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I currently use a "Mid 2010" MacBook Pro and was able to install Sierra and XCode 8.3 without any issues.

I would like to use this MBP for some two or three more years, however a person told me that Apple has an "8 year support window" and that 2017 is the last year in which I'll be able to update to the latest OS and install the latest XCode, etc.

I've Googled but couldn't find anything stating a similar policy. Does this have any truth to it? Is it possible to know how much longer I'll be able to install MacOS and XCode updates?

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  • There is nothing like a "8 year system support" window! Hardware support is dropped by Apple whenever it is required. E.g MacBook1,1 Introduction Date: May 16, 2006. Last supported system: 10.6.8 July 25, 2011 (=5y 2m 9d).
    – klanomath
    May 1, 2017 at 2:51
  • Additionally: I'd expect that a Core 2 Duo Mid 2010 MacBook Pro won't be supported by 10.13.0. But that's pure guessing...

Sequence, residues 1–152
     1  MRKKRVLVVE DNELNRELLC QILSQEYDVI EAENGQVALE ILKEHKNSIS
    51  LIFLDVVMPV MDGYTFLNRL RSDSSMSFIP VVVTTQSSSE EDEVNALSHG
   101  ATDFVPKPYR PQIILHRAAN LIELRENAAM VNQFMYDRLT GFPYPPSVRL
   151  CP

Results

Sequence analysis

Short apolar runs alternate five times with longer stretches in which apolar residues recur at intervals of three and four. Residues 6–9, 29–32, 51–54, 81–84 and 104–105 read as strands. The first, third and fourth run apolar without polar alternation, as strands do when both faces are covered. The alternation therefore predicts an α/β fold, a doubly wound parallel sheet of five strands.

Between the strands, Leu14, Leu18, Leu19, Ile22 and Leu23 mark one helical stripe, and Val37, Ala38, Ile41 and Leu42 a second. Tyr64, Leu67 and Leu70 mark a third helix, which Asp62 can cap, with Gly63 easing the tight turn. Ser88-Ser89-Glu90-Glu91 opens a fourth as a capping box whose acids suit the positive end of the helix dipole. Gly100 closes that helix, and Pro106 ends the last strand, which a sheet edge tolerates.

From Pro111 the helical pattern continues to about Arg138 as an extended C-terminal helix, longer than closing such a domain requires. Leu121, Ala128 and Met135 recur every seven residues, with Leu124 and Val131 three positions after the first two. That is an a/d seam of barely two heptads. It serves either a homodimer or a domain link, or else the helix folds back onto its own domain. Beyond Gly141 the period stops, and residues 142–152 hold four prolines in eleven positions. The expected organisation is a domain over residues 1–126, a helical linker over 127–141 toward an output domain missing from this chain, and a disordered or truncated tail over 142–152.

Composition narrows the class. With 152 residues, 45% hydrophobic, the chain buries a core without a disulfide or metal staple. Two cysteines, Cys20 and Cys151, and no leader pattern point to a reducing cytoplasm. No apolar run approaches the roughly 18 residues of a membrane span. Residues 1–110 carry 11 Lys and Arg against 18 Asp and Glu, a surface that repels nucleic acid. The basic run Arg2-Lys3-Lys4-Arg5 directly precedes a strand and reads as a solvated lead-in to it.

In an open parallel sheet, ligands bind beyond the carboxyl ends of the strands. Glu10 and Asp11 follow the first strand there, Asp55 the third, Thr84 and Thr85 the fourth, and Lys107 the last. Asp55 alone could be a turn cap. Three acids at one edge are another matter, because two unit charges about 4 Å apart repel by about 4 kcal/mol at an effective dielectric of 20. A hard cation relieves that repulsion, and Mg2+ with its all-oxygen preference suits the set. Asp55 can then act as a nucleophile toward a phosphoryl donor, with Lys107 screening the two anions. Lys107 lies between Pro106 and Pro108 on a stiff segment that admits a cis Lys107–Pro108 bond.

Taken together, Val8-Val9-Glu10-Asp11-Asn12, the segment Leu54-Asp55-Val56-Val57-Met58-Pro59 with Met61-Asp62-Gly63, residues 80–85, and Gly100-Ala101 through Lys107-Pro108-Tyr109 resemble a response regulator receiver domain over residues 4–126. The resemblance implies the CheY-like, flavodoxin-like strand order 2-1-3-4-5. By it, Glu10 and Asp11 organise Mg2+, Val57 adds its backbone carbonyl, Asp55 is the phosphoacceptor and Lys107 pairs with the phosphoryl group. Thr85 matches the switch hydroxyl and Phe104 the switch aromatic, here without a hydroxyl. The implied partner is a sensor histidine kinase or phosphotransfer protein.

– klanomath
    May 1, 2017 at 2:59
  • There is only computable supported time from Apple's history and model's success (as Monomeeth did it pretty well). I suggest you to tell Apple (on feedback) that a waranty in this field would be a highly positive point to improve their customers trust.
    – dan
    May 1, 2017 at 5:23

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There is no official timeframe that Apple hardware will support the latest operating system or versions of particular software. It will vary depending on the type of enhancements that occur in hardware and what impact this has in terms of what the latest software needs in order to be able to perform certain tasks.

The person who told you that Apple has an "8 year support window" may have been getting confused with Apple's policy on Vintage and obsolete products, but this relates only to hardware/parts support and has no implication in terms of the operating system and other software.

In summary:

  • Vintage products are those that have not been manufactured for more than 5 and less than 7 years
  • Obsolete products are those that were discontinued more than 7 years ago.

However, even the above will have some exceptions depending on local laws.

Using macOS Sierra as a guide, it is officially supported on:

  • iMac: Late 2009 or newer
  • MacBook and MacBook Retina: Late 2009 or newer
  • MacBook Pro: Mid 2010 or newer
  • MacBook Air: Late 2010 or newer
  • Mac mini: Mid 2010 or newer
  • Mac Pro: Mid 2010 or newer

Source: Apple

As you can see, in some cases support goes back to 2009 models, while in others it goes back to 2010 models. Therefore, there is no official timeframe that Apple hardware will support the latest operating system or versions of particular software.

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